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Illustration: Sarah Grillo/Axios

Many observers see Trump's hawkish approach to Venezuela as a foreign policy aberration. In reality, though, it's pure Trump. Over a week of interviews, people with intimate knowledge of the president's thinking detailed to me why he's taken an unusually interventionist stance toward this country.

The key factors are instincts, personal relationships, aggressive advisers, and political opportunism.

Behind the scenes: A pivotal moment came in early 2017, when Lilian Tintori, the wife of political prisoner Leopoldo Lopez, met Trump in the Oval. The conversation wasn't planned, and the State Department didn't even know she was in the building; she had come for a meeting with Vice President Mike Pence that Sen. Marco Rubio arranged.

  • Toward the end of their conversation, Pence said to Tintori, "I want to introduce you to somebody. Come this way," according to a source with direct knowledge. Then he and Rubio walked her into the Oval.

Trump had no idea who she was. But he was taken by their conversation, some details of which The Washington Post first reported. After a short talk, Trump handed his iPhone to his social media guru, Dan Scavino.

  • "Take a picture, Dan," he ordered.

Scavino snapped a photo of Trump, Tintori, Rubio, and Pence. Then Trump drafted a caption to accompany the photo for Twitter.

  • "What do you think, Marco?" the president asked, handing the phone to Rubio. "You can edit it if you want."
  • Rubio eyeballed the tweet — sources dispute whether he changed anything — then handed the phone back to Trump, who hit send. And with that, the United States toughened its stance toward the Maduro regime.
  • "At the time, we were like, 'Wow, he just stuck it to Maduro!'" said a source with direct knowledge of the conversation.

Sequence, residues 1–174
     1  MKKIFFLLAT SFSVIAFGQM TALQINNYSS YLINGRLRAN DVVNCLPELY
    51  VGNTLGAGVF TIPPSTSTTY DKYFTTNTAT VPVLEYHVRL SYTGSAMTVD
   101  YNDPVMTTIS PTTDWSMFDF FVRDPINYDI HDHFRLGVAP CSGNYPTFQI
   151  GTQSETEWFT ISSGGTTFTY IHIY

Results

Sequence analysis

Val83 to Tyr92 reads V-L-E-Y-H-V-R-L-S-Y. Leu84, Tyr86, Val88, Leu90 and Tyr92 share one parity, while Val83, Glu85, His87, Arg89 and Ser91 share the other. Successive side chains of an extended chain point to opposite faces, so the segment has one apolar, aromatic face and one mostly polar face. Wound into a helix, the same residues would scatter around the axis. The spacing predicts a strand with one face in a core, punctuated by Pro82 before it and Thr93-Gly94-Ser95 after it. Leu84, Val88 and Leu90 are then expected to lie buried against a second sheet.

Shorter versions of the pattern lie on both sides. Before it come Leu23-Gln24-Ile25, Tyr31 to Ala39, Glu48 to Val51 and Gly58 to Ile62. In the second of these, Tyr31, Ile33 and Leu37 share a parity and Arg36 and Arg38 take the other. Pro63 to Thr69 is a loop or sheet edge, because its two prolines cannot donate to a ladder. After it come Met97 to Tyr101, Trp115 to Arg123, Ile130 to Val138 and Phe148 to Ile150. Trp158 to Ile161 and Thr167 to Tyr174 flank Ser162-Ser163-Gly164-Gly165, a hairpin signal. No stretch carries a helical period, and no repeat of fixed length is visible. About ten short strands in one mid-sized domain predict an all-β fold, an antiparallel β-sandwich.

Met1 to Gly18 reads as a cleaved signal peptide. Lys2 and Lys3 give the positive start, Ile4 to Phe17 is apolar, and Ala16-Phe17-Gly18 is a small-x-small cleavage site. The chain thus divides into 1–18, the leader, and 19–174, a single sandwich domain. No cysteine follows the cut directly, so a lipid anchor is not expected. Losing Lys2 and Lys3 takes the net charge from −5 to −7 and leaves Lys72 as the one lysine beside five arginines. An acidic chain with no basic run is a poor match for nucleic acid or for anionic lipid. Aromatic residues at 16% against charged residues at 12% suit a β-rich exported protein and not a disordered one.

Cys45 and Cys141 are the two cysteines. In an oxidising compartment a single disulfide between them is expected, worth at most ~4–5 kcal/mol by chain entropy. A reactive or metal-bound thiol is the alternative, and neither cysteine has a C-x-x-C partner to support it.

Why this matters: Conversations like this one have shaped Trump's Venezuela approach. Privately, Trump often talks about his fondness for the Venezuelan expats who frequent his golf club in Doral.

  • "We have many Venezuelans living in the United States,” he said in a press conference last September. "Many of them live in the Doral area of Miami. I've gotten to know them well. They are great, great people. We are going to take care of those people."

Between the lines: That's not all, of course. His senior advisers universally support unseating Maduro. And people close to Trump say he takes a markedly different view of Venezuela than Middle Eastern war zones. He sees Syria, Afghanistan, and Iraq as beyond help, a waste of American lives and money. Venezuela, in his view, is different: It's a neighbor, and a crisis there directly affects the U.S., via trade and migration. Trump thinks Venezuela should be rich and peaceful.

  • "Venezuela is not anything like the Middle East; it is a western country, with western institutions and western cultural leanings," said Rubio, a key player in Trump's Venezuela policy.
  • "The president sees this country with extraordinary economic potential, which has been run into the ground," Rubio told me. "I think he believes some of these issues in the Middle East are intractable and just can't be fixed. But he actually thinks Venezuela and the western hemisphere can [be fixed]."
  • "He also takes some of this stuff personally. The fact that Maduro and others have reacted the way they have [with their fiery rhetoric about Trump]... Ultimately there comes a point, for this president, where he become personally invested in it...he becomes an enemy and then he goes after you pretty hard."

Political opportunism also plays a big role. "It's a real-life example of the failure of socialism and there's an appeal in that," a senior White House official told me.

  • Trump and his advisors see their approach as a way to court Venezuelan expats, who may be friendly to the American right-wing because of the failure of Maduro's leftist government.
  • The fact that the bulk of those expats live and vote in Florida, of all states, is not lost on Trump and his political team.

The bottom line: Trump's instincts on Venezuela find daily reinforcement from the growing uprising on the ground there, the rare unity with other democratic Western governments, largely favorable media coverage, and bipartisan support on Capitol Hill.

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The big picture: The worst aerial exchanges of fire between Israel and Hamas since 2014 continued into early Thursday. It comes days after escalating violence in Jerusalem that injured hundreds of Palestinians and several Israeli police officers during protests over the planned evictions of Palestinian families from their homes.